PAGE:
Negotiations for a new stadium are progressing, bringing the promise of new revenue and more profit to the Angels, who said they lost $10 million last year.
But not even the prospects of a cozy new ballpark, luxury suites and a more lucrative lease can keep the Autry family in baseball.
"Neither Gene nor I have the stomach to deal with a lot of the outside pressures of the game anymore," said Jackie Autry, who has run the team for husband and owner Gene Autry since 1986. "If I could just be an owner and deal with what happens between the white lines, it would be a perfect world."
Media criticism, labor disputes and rising costs are among the reasons the Autry family has decided to sell a minority interest to former baseball Commissioner Peter Ueberroth.
Ueberroth is in the process of buying a 25% share of the team with an option to purchase the remaining 75% after the death of Gene Autry, 87. Though he won't initially be the Angels' majority owner, Ueberroth will become managing general partner and take over the club's daily operations.
"It's the perfect situation for both Gene and I," Autry said. "It allows us to still be associated with the Angels as 75% owners, and all we have to do is come out and enjoy the game."
Autry attended her first spring-training game of the season Friday, watching the Angels beat the Chicago Cubs, 7-6, in front of 1,963 in Tempe Diablo Stadium.
She said she "wasn't particularly thrilled about seeing replacement players," but believes their presence eventually will lead to serious negotiations between players and owners to settle the strike.
"I admire these young men for playing baseball and at least making something happen," she said. "If they weren't playing, we wouldn't have any baseball of any kind in the foreseeable future."
Autry, who has not been a part of the owners' negotiating committee but has received updates through conference calls, would not speculate on the chances for a settlement before the start of the regular season April 2.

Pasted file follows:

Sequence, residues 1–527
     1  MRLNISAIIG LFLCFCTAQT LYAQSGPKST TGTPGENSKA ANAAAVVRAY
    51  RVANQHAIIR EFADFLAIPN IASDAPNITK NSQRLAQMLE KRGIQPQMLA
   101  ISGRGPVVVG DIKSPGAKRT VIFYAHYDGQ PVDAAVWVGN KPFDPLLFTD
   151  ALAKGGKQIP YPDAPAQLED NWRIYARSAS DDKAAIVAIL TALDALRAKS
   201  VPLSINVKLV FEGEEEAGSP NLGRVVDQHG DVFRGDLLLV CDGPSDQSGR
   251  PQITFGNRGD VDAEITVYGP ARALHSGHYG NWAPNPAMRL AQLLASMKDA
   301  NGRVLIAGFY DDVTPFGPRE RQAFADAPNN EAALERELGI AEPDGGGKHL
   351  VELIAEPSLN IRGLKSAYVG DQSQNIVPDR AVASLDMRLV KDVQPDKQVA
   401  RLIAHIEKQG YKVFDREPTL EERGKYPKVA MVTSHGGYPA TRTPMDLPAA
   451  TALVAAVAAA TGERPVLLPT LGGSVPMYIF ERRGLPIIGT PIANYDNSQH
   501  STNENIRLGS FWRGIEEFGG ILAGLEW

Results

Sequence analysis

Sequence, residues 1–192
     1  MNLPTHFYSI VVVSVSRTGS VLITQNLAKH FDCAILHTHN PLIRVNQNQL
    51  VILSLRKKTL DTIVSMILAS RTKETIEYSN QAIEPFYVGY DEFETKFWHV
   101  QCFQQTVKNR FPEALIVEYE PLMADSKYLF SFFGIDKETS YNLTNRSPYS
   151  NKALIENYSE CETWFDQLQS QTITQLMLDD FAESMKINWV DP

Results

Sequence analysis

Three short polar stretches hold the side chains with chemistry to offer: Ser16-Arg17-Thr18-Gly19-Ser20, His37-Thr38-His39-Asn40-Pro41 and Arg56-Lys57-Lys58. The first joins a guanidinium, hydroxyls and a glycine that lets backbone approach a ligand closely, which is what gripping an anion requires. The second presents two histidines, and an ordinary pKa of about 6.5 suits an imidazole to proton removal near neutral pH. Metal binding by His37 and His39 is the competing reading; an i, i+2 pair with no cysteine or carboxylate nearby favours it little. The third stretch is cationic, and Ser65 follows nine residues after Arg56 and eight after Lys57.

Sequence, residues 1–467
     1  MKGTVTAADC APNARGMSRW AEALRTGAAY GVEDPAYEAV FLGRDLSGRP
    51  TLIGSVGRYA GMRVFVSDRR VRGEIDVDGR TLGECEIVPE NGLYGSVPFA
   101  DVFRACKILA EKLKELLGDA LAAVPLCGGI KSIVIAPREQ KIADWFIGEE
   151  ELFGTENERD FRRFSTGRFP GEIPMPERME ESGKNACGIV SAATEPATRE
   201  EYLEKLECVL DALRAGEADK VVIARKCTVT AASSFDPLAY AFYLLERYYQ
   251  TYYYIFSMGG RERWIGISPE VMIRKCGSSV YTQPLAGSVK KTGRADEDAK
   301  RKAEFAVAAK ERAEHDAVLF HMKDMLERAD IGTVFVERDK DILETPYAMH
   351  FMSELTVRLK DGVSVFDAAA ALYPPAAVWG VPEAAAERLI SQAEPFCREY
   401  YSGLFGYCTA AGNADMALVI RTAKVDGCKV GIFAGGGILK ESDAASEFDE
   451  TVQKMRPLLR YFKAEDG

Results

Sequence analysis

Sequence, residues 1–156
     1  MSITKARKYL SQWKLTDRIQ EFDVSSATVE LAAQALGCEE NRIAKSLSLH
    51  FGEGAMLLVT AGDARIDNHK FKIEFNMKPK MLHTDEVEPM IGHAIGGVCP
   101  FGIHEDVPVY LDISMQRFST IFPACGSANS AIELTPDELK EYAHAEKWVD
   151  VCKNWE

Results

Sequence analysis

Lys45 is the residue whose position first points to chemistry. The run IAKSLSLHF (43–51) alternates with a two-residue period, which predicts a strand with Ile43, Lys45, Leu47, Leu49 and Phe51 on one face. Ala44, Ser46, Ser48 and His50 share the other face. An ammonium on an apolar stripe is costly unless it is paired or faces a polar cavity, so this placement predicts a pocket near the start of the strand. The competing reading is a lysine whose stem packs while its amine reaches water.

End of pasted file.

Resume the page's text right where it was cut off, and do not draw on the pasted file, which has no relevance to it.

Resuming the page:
But she believes the strike has caused irreparable damage.
"From the public's point of view there will be a backlash," Autry said. "I don't know how long it will be, but I think the backlash will also come from sponsors and advertisers.
"Without knowing what's happening, who's going to be playing in 1995 or whether they'll be playing at all, I'm sure sponsors are very reticent to commit dollars (to baseball). That's one reason a long-term agreement, of at least seven years, is imperative, so advertisers realize we're going to have labor peace for a long time."
Former Seattle Mariner and Texas Ranger reliever Mike Schooler, who gave up two runs in the ninth inning Friday, said he is "probably leaning toward starting the season" with the Angels' replacement team.
"That's not to say I don't have allegiance to the players association, I'm behind them," said Schooler, a former Garden Grove High and Cal State Fullerton pitcher who had 63 saves for the Mariners in 1989 and '90. "But my main allegiance is to myself and my family."
Schooler, who has been bothered by arm injuries the last four years, has appeared in four spring-training games, allowing three earned runs in 6 1/3 innings.
"My arm is coming along well--I want to pitch and stay in their plans," said Schooler, 32. "This has been one of the toughest baseball decisions I've made in my life."
The Angels broke a 4-4 tie with three runs in the bottom of the eighth inning Friday. Lenny Randle had an RBI single and Phil Ouellette capped the rally with a two-run single to left field. . . . Second baseman Joe Urso, who is battling J.D. Ramirez for the starting job, had a two-run single in the second inning and made a diving, back-hand grab of Joey Terilli's grounder up the middle, turning it into an inning-ending force out at second.